Aviva is the Managing Broker of Sonenreich & Co, a third-generation commercial real estate broker, owner and investor in Denver, Colorado.
Working in the family business — industrial real estate — I can’t help but encounter an overwhelming number of family businesses on both sides of the table. As my family decided to pass the baton of its legacy to the next generation, the history of family businesses in the U.S. intrigued me. The idea of the family-owned business began in the manufacturing industry in the 1870s, making it one of the oldest forms of business organization. Gradually, as it spread into the capital-intensive industries, a shift in its management structure became inevitable.
In the years to come, corporates flourished with an increased demand for investment and financial sources. Collectively, it marked the beginning of an era of managerial enterprises, where family members remained with vested interests alone. Although mainly technologically driven, this transition from family firm to professional management was far-reaching.
Later, fueled by the USA’s competitive advantage in the global economy, the rise of modern business enterprises saw a drastic change in the way businesses worked. Family ownership and control started to decline. Still and all, at the end of 1980, 95% of U.S. companies were family-owned. Families and dynasties continued to play a significant role in the big, capital-intensive corporations of the second and third industrial revolutions. And at the end of the 20th century, 17% of the top 100 companies in the nation were family businesses.
(It’s worth noting that different economists have different definitions of a family firm. It is a subjective term, there’s no doubt, thanks to the diverse structures of family businesses. And so, any data relating to these businesses is limited to subjectivity too.)
While family businesses were prominent during the first industrial revolution and pre-industrial period, their presence remained in specific economic systems. Moreover, family firms’ presence depends on several factors, including technological, legal, political, financial and market conditions.
Even today, a family firm — usually carrying the three elements of kin, property and control — varies in size and structure. Some family businesses are small and medium-sized with flat organizational structures. Some are large and dynamic, operating with a mix of traditional and modern characteristics.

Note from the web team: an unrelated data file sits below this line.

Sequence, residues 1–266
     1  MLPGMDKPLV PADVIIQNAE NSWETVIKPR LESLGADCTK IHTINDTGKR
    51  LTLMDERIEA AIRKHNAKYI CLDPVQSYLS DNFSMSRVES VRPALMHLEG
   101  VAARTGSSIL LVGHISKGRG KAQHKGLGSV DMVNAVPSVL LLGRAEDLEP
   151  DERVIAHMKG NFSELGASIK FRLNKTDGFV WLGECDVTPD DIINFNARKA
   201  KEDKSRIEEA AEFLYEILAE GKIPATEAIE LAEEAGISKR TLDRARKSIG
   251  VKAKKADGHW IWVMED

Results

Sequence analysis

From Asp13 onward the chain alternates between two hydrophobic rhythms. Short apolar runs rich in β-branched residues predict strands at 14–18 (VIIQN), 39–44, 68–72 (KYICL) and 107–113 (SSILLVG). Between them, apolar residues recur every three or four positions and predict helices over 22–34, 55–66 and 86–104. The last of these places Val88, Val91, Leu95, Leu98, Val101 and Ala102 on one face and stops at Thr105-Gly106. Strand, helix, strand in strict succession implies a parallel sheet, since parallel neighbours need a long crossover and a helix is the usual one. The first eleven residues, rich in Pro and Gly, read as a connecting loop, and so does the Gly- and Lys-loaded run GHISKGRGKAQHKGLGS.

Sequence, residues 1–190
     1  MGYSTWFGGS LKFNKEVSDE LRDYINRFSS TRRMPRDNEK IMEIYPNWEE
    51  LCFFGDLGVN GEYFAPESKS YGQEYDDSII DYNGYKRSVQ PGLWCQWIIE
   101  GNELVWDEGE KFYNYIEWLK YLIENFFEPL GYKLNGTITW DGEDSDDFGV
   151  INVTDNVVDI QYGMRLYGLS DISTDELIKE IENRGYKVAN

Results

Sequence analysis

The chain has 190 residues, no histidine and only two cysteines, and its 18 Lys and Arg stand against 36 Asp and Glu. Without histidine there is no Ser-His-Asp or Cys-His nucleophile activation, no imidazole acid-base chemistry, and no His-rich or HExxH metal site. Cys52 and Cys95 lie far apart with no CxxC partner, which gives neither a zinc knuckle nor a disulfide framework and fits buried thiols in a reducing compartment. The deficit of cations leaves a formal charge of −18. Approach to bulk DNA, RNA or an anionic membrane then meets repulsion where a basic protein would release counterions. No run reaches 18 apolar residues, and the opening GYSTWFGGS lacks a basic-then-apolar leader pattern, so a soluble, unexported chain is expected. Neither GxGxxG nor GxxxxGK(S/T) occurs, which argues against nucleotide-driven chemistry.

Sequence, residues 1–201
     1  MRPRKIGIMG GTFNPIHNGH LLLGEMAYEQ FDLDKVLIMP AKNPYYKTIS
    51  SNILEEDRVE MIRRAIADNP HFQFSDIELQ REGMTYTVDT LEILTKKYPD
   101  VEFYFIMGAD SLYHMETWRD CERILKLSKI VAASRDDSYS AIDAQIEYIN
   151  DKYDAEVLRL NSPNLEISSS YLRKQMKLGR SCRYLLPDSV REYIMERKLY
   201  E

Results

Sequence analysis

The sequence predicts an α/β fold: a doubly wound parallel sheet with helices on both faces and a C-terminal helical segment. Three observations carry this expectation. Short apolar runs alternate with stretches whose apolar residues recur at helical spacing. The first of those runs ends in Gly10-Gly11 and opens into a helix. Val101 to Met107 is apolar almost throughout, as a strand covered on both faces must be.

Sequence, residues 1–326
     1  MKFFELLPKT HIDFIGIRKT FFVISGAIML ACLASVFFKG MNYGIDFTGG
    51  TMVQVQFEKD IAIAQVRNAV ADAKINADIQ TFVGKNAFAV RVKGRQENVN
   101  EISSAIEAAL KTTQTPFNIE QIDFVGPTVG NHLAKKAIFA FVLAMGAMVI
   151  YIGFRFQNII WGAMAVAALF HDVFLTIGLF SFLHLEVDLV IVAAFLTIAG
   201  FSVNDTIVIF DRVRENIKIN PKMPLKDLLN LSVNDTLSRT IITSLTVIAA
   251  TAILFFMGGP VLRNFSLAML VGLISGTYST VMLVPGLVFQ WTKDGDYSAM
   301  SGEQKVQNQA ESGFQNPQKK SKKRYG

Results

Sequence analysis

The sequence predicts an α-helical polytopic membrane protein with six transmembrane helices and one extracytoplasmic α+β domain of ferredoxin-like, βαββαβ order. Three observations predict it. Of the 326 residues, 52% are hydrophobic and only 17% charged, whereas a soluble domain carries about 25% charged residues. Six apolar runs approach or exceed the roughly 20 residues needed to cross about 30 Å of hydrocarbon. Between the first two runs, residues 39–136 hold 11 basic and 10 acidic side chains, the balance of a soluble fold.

But like any other form of business, family businesses bring with them several advantages: long-term commitment, knowledge, trust, reduction in uncertainty and low operational costs, to name a few. That’s not to say there aren’t any disadvantages of this form of business organization. Many family businesses, especially large ones, are seen as traditionalists in terms of development and investment — which is often linked to their failure to grow and innovate.
A somewhat different viewpoint finds family-run firms as much more profitable and growth-oriented than managerial enterprises. However, short-termism can be a headwind for family businesses, bringing them to a virtual standstill.
As I see family businesses around me, I find “transition” to be the most critical success factor. But when companies move from one generation to the next, transitions aren’t always methodic. Managerial indecision, remonstration, familial conflicts and, ultimately, stagnation reign over an otherwise thriving business.
Per contra, the failure of leadership succession can be avoided. What’s needed is adequate succession planning and training of new generations. There is much room for failure in this endeavor, and each business will walk a fine line to get the balance needed. This is more so a matter of creativity as opposed to a right or wrong answer. Personally, my family business found success by creating an environment that the farm was not just dropped in the lap of the successors. Rather, we were encouraged to find our own farms as a rite of passage first.
After finding my own way, Dad finally admitted that he was learning more from me then he could have ever dreamed of. This was harmonious, as I needed his experience to learn how to transact. This worked for us. What in your experience or research has worked for you?
There’s also a sort of shifting controversy surrounding the impact of family firms in modern advanced industrial economies. While family businesses are often touted as those ruled by emotions over economic reason, resilience and efficiency found within a family business shouldn’t be overlooked.
Either way, the future for family enterprises doesn’t look bleak. The past and present give me hope. Family-dominated businesses must capitalize on their ability to tune-up and continue to seek new survival strategies. My advice to all real estate firms new and old is to not fear marketing tactics of the future. We are in a day and age where we can now access the world at any time. Use that to your advantage. Don’t get comfortable in tactics that worked decades ago. Let your newer generations take the reigns of the internet and ride it into the sunset of success. After all, isn’t that the point of passing the torch?
Family members must bridge their aspirations in light of the constraints that competition, institutional and legal frameworks usually bring in tow. And not merely surviving, they should find new ways to thrive, too. The goal to succeed can be achieved if there’s enough room for effective succession planning and the zeal to keep family values alive.
The longevity of family firms can and must be increased. After all, nobody wants a collection of beautiful bricks-and-mortar to turn into a house of cards.
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